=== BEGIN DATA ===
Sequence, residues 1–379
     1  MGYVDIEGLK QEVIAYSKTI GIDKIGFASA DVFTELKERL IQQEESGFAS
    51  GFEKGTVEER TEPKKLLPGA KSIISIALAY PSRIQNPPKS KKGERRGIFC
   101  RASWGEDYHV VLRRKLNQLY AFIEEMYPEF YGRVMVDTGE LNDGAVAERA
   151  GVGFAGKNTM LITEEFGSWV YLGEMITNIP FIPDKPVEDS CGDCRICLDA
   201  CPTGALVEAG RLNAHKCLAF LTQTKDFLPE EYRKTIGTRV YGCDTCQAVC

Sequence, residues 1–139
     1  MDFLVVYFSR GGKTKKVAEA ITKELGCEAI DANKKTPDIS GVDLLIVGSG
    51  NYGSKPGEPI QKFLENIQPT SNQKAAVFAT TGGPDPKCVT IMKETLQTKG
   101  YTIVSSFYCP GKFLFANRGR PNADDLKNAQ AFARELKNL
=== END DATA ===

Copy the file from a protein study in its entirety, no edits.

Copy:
Sequence, residues 1–379
     1  MGYVDIEGLK QEVIAYSKTI GIDKIGFASA DVFTELKERL IQQEESGFAS
    51  GFEKGTVEER TEPKKLLPGA KSIISIALAY PSRIQNPPKS KKGERRGIFC
   101  RASWGEDYHV VLRRKLNQLY AFIEEMYPEF YGRVMVDTGE LNDGAVAERA
   151  GVGFAGKNTM LITEEFGSWV YLGEMITNIP FIPDKPVEDS CGDCRICLDA
   201  CPTGALVEAG RLNAHKCLAF LTQTKDFLPE EYRKTIGTRV YGCDTCQAVC

Sequence, residues 1–139
     1  MDFLVVYFSR GGKTKKVAEA ITKELGCEAI DANKKTPDIS GVDLLIVGSG
    51  NYGSKPGEPI QKFLENIQPT SNQKAAVFAT TGGPDPKCVT IMKETLQTKG
   101  YTIVSSFYCP GKFLFANRGR PNADDLKNAQ AFARELKNL